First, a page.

Speak to My Strengths, a Critique on Workouts and Wording

In the midst of this 23 degree Missouri winter, I am open to trying any sufficient replacement to layering up and going for a run. The wind makes my face sting and eyes leak tears of sadness as I think thoughts of self-hatred. That last sentence is a fitting description for all of winter.

That being said, I often find myself searching Youtube for “cardio kickboxing,” “full body pilates” or, sometimes, “hip hop dance workout,” because I love the arts. I occasionally stumble upon a treasure such as Yoga with Adrienne and hang onto those videos for dear life and heart health. But I’ve noticed one trend in Youtube fitness that really chaps my hide. It burns my boots. It rattles my radiator.

This vile trend is The Cursed Quest for the Bikini Body (which might also be the title for the inevitable 9th Harry Potter script, but don’t say you heard it from me).

If you’ve ever been a woman trying to work out in her living room, you know what I’m talking about. You drag your sleepy bum out of bed around 7 a.m. clad in the workout clothes you strategically slept in and spend five minutes scrolling through titles like “Six Pack by Spring Break” and “Beach Body by Blood Moon.” Peppy faces of women in their Fabletics gear smile back at you, promising a workout where you’ll have a good time and, don’t worry, Karinda will do the modified version!!

Although these videos themselves may not be bad workouts, the language and aesthetic used implies that even in the fitness world, women have a place. It’s not in the big leagues where sweat drips off your nose during a plank as long as a feature film, or with burpees that make you feel like you’re about to burp it all up. These videos teach me that women are supposed to look “adorbs” in matching workout gear while our long hair remains dry and bouncy and does not stick to our necks. After thirty minutes of jumping around, I will feel great about myself, shake my Brazilian butt and fit into the entire summer swimwear line at Target. However, I find this idea that exercise is about anything other than feeling better in our own bodies a dangerous mindset to behold.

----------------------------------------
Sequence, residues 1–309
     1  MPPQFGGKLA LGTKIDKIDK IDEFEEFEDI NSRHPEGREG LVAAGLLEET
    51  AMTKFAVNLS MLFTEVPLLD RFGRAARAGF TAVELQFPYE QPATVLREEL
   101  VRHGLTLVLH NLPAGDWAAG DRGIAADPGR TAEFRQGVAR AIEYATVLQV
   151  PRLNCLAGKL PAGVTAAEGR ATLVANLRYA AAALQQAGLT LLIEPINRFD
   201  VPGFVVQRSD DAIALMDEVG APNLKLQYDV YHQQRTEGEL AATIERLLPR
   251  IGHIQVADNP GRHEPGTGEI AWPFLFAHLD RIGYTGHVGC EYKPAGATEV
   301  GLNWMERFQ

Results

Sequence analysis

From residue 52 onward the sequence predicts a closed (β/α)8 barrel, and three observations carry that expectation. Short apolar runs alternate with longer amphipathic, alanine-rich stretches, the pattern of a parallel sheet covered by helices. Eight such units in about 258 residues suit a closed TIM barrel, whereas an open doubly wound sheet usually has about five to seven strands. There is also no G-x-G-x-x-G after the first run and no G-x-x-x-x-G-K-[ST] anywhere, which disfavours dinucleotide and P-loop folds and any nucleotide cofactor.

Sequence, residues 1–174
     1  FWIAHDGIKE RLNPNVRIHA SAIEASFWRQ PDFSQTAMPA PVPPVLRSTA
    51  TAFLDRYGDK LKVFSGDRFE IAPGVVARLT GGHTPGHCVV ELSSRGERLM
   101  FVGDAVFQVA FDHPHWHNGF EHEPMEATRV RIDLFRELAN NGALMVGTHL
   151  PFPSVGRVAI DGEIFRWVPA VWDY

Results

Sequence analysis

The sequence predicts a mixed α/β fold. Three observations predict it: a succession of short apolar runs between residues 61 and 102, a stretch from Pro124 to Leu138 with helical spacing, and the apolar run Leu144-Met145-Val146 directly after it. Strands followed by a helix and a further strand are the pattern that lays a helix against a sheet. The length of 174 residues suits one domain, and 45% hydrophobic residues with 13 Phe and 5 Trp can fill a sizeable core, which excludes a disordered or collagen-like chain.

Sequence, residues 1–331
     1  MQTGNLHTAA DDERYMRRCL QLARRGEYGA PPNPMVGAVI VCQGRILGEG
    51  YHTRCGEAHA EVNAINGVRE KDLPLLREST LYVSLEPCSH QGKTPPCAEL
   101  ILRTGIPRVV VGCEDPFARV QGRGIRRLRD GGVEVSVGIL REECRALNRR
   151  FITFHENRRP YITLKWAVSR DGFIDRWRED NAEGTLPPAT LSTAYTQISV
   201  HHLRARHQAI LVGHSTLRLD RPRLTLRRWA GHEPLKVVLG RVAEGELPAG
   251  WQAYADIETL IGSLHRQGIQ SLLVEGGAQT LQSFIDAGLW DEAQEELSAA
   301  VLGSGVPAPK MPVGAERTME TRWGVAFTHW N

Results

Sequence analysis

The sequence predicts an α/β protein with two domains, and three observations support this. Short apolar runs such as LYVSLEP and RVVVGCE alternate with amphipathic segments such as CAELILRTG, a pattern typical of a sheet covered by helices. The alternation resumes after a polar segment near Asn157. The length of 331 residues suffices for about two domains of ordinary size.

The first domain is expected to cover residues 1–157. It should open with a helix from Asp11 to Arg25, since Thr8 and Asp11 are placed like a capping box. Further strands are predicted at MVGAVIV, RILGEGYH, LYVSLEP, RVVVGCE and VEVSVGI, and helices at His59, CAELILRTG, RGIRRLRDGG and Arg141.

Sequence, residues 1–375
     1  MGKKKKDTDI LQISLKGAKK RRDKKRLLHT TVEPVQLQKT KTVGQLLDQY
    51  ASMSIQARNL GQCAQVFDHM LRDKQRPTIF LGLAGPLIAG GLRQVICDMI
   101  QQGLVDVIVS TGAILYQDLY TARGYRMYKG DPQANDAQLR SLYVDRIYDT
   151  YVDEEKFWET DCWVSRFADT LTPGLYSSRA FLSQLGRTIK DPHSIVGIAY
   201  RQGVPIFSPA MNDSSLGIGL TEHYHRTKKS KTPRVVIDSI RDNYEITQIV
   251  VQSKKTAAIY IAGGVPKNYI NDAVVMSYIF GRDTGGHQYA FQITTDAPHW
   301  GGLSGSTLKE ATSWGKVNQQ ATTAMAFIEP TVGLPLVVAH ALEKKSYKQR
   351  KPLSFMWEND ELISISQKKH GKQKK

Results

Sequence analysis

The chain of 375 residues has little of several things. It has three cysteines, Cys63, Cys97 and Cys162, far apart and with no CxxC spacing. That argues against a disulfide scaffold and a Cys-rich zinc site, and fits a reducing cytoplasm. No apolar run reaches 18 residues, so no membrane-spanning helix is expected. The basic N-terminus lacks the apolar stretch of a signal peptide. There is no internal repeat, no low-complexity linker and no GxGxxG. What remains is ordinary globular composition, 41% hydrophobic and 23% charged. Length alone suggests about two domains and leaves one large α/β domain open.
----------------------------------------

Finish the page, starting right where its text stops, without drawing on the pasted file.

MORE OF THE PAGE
Fitness is an incredible goal and even a week of regularly working out and eating good veggies can make you feel like a zombie given a second chance. But it’s unhealthy to subject yourself to anything that implies your hard work is for others’ viewing pleasure. My issue with the words ‘Bikini Body’ is that they use sensitive insecurities to gain viewership. It perpetuates the idea that the female body is a thing to be consumed as opposed to a vessel of life in which we reside. We should be teaching women, and everyone else, that fitness is for strength, confidence and increased energy. It’s about accomplishing something you previously believed to be impossible. It’s about jumping mental hurdles, sometimes by completing the interval, and other times by simply showing up.

Truthfully, I have partaken in these bikini body workouts. And you know what? Some are really hard. Some of them have me going into child’s pose before the warm-up is through. I spend the rest of the day clutching my sore calves and resisting laughter I know will haunt my core. So if they aren’t easy, laughable routines, what’s with the façade? Why do workout producers feel the need to feed the idea that girls only squat because, by God, there is a sandy lifeguard somewhere who only saves the ones with the good glutes?!

I’m calling you out, guys. It’s lame. My body is not some ice sculpture that you get to pick away at until it’s perfect enough to display at a party. It’s a powerhouse. The mitochondria, if you will, and it’s capable of so much more than looking good on a beach towel. The female body can carry through an eight hour work day, only to come home and carry all three children up to bed. It pushes us up hills and mountainsides and can also push out live humans, which is another conversation entirely. It stands up in courts of law and sits at research labs and lies down in tiny break rooms in between performing major surgeries. It is the vehicle by which we dance, sing, rap, act, run, play, write and do all other verbs.

We deserve better than this. We deserve better than the weak promise that our thighs might not shake during beach volleyball. We deserve a culture that promotes health while maintaining that it’s okay to not look identical to Pamela Anderson. We deserve fitness professionals who tell us the truth; that ‘healthy’ is not a size, rather a lifestyle.

Please, do not reduce our importance to the ways in which we do or do not fill out a glorified loincloth. It is a great misjudgment on your part.

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